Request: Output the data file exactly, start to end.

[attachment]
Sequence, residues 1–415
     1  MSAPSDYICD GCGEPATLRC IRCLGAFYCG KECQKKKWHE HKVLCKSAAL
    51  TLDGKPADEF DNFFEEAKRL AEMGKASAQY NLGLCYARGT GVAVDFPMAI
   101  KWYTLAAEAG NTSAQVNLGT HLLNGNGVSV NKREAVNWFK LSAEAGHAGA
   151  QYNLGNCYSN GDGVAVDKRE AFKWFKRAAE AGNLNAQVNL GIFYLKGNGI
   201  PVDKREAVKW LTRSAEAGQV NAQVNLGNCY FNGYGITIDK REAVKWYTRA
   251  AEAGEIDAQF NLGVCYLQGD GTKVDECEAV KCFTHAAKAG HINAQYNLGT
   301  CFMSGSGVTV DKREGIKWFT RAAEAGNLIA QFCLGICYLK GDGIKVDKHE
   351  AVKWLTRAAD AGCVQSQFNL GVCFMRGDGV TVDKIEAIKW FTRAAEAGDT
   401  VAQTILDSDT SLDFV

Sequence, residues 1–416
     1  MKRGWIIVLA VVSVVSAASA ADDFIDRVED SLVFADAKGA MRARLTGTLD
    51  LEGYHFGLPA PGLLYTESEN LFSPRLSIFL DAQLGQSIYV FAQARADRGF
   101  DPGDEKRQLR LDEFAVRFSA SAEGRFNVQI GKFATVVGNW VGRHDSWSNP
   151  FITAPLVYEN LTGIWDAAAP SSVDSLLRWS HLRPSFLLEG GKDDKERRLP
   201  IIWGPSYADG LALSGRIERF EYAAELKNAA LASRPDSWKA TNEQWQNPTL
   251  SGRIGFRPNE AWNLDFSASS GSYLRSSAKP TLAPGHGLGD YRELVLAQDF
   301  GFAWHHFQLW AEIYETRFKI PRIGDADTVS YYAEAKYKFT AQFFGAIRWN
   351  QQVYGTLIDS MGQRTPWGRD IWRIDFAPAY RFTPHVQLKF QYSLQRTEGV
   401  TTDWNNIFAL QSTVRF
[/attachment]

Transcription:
Sequence, residues 1–415
     1  MSAPSDYICD GCGEPATLRC IRCLGAFYCG KECQKKKWHE HKVLCKSAAL
    51  TLDGKPADEF DNFFEEAKRL AEMGKASAQY NLGLCYARGT GVAVDFPMAI
   101  KWYTLAAEAG NTSAQVNLGT HLLNGNGVSV NKREAVNWFK LSAEAGHAGA
   151  QYNLGNCYSN GDGVAVDKRE AFKWFKRAAE AGNLNAQVNL GIFYLKGNGI
   201  PVDKREAVKW LTRSAEAGQV NAQVNLGNCY FNGYGITIDK REAVKWYTRA
   251  AEAGEIDAQF NLGVCYLQGD GTKVDECEAV KCFTHAAKAG HINAQYNLGT
   301  CFMSGSGVTV DKREGIKWFT RAAEAGNLIA QFCLGICYLK GDGIKVDKHE
   351  AVKWLTRAAD AGCVQSQFNL GVCFMRGDGV TVDKIEAIKW FTRAAEAGDT
   401  VAQTILDSDT SLDFV

Sequence, residues 1–416
     1  MKRGWIIVLA VVSVVSAASA ADDFIDRVED SLVFADAKGA MRARLTGTLD
    51  LEGYHFGLPA PGLLYTESEN LFSPRLSIFL DAQLGQSIYV FAQARADRGF
   101  DPGDEKRQLR LDEFAVRFSA SAEGRFNVQI GKFATVVGNW VGRHDSWSNP
   151  FITAPLVYEN LTGIWDAAAP SSVDSLLRWS HLRPSFLLEG GKDDKERRLP
   201  IIWGPSYADG LALSGRIERF EYAAELKNAA LASRPDSWKA TNEQWQNPTL
   251  SGRIGFRPNE AWNLDFSASS GSYLRSSAKP TLAPGHGLGD YRELVLAQDF
   301  GFAWHHFQLW AEIYETRFKI PRIGDADTVS YYAEAKYKFT AQFFGAIRWN
   351  QQVYGTLIDS MGQRTPWGRD IWRIDFAPAY RFTPHVQLKF QYSLQRTEGV
   401  TTDWNNIFAL QSTVRF